Yet the freshest and most fascinating thing about “BH6” is that it’s an anti-superhero superhero movie because Hiro and his buddies rely on their wits instead of violence. He’s always telling them to think their way out of problems from a different angle. This outside the box, non-violent way of thinking is a product of Baymax, who is programmed to be a caregiver, and, by extension, Tadashi, and it distinguishes “BH6” from most other superhero movies.
Although animated sequels rarely win the Oscar (except for “Toy Story 3”), “How to Train Your Dragon 2” is another extraordinary exception. Dean DeBlois has made, quite simply, the most ambitious and satisfying DreamWorks movie in its 20-year history, turning Hiccup’s rite of passage into a vital trilogy on a par with Luke Skywalker’s. The maturing of the buddy bonding with Toothless, the introduction of Hiccup’s long, lost mother and dragon whisperer, Valka, the death of his father, Stoick, the dangerous nemesis, Drago, are the stuff of “The Empire Strikes Back” and “My Neighbor Totoro.” Plus the new Apollo interface and Premo animation software have liberated the DreamWorks animators to create better performances and more lush environments.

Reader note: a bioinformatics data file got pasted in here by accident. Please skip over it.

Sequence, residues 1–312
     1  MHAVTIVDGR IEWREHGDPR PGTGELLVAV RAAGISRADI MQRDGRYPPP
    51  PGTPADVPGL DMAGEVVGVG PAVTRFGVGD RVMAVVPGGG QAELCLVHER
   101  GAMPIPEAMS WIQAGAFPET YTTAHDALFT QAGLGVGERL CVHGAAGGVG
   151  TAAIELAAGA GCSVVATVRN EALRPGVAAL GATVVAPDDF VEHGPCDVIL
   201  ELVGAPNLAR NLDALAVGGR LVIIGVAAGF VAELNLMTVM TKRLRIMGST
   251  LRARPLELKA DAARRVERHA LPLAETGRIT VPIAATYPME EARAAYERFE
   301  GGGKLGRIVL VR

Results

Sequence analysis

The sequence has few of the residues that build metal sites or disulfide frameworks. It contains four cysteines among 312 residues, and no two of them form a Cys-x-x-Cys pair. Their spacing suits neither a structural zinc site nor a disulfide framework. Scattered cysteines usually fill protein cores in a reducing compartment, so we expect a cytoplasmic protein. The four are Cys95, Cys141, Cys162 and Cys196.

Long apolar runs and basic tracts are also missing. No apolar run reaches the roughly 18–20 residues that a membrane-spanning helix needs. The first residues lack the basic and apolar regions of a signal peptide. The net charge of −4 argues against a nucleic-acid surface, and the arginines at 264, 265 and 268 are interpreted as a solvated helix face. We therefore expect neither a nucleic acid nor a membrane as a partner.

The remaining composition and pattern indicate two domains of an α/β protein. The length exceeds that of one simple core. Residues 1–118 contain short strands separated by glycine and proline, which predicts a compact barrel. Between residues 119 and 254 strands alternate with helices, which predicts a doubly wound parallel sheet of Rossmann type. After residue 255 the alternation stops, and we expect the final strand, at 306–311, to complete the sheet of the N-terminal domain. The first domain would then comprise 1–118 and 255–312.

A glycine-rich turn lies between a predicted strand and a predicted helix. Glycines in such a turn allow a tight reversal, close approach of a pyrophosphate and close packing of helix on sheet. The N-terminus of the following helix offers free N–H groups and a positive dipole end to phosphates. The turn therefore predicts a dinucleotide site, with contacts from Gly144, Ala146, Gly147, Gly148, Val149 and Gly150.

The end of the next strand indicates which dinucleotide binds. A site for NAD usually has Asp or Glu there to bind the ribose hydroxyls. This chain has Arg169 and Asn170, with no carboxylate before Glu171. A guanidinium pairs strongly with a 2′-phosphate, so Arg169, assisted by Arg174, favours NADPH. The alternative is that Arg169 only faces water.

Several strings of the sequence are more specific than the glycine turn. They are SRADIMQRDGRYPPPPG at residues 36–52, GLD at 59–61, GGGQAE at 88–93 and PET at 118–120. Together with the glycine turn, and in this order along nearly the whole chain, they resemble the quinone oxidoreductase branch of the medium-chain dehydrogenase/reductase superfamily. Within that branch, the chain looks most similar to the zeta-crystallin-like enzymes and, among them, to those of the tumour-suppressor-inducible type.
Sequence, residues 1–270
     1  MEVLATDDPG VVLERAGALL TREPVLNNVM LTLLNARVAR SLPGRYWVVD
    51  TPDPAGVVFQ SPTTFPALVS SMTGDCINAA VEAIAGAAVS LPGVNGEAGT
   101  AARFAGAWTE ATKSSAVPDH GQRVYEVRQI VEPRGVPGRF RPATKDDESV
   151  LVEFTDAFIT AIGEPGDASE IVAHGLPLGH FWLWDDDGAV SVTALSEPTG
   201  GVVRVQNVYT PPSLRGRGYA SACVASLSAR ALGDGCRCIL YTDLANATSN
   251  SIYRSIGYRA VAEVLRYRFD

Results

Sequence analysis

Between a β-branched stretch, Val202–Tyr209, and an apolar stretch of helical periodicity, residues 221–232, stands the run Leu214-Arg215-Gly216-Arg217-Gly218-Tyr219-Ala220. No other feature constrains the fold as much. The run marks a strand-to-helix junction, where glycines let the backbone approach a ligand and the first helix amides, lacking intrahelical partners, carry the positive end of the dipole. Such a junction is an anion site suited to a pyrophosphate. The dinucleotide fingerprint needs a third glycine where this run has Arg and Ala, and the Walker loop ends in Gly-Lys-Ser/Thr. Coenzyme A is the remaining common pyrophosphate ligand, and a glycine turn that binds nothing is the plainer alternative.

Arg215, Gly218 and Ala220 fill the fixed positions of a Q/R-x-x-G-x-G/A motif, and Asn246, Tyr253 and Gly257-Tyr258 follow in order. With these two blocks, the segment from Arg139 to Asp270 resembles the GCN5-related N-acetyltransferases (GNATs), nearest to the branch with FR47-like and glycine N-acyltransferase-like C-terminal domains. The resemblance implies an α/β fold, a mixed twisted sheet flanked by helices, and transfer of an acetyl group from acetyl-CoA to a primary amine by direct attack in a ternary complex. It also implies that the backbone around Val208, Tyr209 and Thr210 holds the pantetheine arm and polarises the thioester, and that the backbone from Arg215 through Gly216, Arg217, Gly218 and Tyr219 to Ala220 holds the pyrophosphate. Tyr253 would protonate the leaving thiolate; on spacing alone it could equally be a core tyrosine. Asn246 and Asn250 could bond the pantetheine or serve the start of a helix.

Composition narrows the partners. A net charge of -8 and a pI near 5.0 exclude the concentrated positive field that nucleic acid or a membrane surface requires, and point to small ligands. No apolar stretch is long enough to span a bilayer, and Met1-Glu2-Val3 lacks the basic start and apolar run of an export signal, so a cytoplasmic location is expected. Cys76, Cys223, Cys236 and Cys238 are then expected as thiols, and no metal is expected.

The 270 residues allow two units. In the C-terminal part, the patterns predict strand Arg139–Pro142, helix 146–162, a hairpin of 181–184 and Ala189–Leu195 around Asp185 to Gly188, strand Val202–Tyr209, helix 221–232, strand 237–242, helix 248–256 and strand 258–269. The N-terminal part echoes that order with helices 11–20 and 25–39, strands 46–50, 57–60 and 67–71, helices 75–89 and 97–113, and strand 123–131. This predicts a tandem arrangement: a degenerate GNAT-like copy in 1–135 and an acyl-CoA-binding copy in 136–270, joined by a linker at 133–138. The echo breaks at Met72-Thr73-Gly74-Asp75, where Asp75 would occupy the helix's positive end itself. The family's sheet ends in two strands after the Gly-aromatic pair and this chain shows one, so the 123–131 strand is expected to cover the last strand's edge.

While “Dragon 2” under performed domestically because of several factors (too dark, maybe, not as much “fun” as the first movie), it’s done great overseas, raking in nearly $620 million and the home entertainment release has delivered record unit sales, overtaking “Maleficent.” So you count out “Dragon 2” at your own peril.